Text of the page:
Kim Jong-un labels military spy satellite as ‘space guard’ in exercise of ‘right to self-defence’

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Branding his country’s launch of a military spy satellite as “deploying of a space guard”, North Korean leader Kim Jong-un said it was an “exercise of the right to self-defence,” Yonhap News reported. Kim’s remark came during his visit to the National Aerospace Technology Administration (NATA), according to the official space agency of North Korea. “He highly appreciated that the eye-opening event of deploying the reconnaissance satellite constantly grasping the military intention and moves of the hostile forces with our space guard and the powerful sighting telescope is the precious victory,” Yonhap News reported, citing KCNA.

Emphasising that the ownership of a spy satellite constitutes a comprehensive exercise of the right to self-defence, Kim urged endeavours to realise both the immediate and long-term objectives of advancing aerospace reconnaissance capabilities, according to KCNA’s English-language dispatch Kim visited the facility with his daughter, believed to be named Ju-ae, and held a photo session with those involved in the satellite programme. North Korea’s latest satellite launch took place around 10.42 pm (local time) on Tuesday and the Malligyong-1 reconnaissance satellite was placed in orbit about 12 minutes later, Kyodo reported, citing the official Korean Central News Agency.

South Korea’s defence chief Shin Won-sik said on Thursday that a partial suspension of a 2018 inter-Korean tension reduction deal is “a proportional response” and “a minimal defensive measure” against the North Korean regime following Pyongyang’s controversial satellite launch, Yonhap News reported. Shin’s comments came hours after North Korea’s defence ministry vowed to immediately restore all military measures halted under the Comprehensive Military Agreement and warned that the South must “pay dearly” for its decision.

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A 2018 accord that calls for setting a no-fly zone around the Military Demarcation Line separating the two Koreas, was suspended on Wednesday by South Korean President Yoon Suk Yeol. “North Korea’s launch of what it calls a military spy satellite on November 21 is a clear violation of the UN Security Council resolutions and a serious provocation against the international community, once again showing it has no will to abide by the military agreement,” Shin said in a parliamentary session, according to Yonhap.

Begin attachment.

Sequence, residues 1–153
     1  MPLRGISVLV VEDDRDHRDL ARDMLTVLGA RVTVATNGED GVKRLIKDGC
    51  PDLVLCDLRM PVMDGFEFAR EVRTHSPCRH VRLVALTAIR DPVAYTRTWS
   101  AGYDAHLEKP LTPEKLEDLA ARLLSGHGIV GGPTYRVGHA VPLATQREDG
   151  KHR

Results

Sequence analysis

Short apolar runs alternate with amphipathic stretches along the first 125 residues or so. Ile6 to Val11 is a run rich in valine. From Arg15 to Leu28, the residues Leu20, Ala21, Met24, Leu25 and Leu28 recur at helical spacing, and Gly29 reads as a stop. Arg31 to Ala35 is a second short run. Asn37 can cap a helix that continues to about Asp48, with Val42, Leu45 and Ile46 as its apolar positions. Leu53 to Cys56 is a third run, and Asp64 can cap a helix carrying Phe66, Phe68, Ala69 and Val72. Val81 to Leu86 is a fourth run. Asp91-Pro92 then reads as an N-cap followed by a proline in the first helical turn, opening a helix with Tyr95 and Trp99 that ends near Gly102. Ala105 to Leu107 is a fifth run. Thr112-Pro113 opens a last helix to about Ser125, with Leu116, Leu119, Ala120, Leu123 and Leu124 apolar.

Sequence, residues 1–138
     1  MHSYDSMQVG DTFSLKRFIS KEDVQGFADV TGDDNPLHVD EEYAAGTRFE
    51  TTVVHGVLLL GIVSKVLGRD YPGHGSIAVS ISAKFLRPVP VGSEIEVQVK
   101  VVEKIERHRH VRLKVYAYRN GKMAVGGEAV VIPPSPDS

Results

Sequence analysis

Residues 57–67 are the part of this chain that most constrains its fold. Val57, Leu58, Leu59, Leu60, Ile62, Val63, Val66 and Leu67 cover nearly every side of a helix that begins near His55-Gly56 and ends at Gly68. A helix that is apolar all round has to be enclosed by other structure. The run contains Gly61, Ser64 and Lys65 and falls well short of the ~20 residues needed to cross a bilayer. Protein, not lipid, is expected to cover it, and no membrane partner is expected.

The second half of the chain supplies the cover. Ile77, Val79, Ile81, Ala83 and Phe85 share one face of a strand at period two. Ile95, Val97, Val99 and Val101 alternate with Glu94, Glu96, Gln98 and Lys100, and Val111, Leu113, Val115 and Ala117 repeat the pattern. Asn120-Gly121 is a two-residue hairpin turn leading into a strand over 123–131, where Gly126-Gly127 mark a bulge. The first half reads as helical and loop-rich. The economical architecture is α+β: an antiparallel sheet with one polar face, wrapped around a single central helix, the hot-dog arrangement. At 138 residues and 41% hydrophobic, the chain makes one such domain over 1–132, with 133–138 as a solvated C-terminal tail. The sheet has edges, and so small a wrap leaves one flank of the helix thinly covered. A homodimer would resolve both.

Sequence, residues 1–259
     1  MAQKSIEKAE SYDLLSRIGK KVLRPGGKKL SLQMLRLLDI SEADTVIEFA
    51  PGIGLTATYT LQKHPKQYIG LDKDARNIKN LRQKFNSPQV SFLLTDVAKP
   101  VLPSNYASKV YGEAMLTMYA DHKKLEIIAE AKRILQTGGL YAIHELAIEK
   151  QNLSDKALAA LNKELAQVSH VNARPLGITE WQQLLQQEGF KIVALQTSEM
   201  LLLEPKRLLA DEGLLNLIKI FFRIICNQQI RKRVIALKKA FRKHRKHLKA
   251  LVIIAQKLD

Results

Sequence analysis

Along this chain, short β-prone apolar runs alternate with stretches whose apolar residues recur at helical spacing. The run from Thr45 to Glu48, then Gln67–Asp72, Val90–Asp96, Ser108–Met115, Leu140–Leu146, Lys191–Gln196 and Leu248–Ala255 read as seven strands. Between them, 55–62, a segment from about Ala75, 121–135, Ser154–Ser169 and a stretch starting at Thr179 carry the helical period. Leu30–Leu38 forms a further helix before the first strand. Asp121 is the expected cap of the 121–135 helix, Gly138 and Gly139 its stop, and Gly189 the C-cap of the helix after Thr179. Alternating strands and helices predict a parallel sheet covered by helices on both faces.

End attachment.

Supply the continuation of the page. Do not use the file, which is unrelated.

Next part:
“Therefore, the partial suspension of the agreement is an essential measure to protect people’s lives and safety. It is a corresponding response to North Korea’s provocation and a minimal defensive measure,” he said. Shin stated South Korea will resume aerial surveillance operations near the border region an appropriate response to the growing threat posed by the North. “If North Korea stages provocations under the pretext of the suspension, we will respond immediately, strongly and until the end,” Shin said.

Shortly after the suspension of the motion, surveillance drones and reconnaissance aircraft were deployed near the border. North Korea supposedly fired an unspecified ballistic missile toward the East Sea on Wednesday night, but the launch appears to have failed, the South Korean military said, Yonhap News reported. The nuclear-powered aircraft carrier USS Carl Vinson, currently docked at a naval base in the southeastern port city of Busan is expected to join naval drills between South Korea and the US, as well as trilateral drills involving Japan, scheduled over the weekend, Yonhap News reported.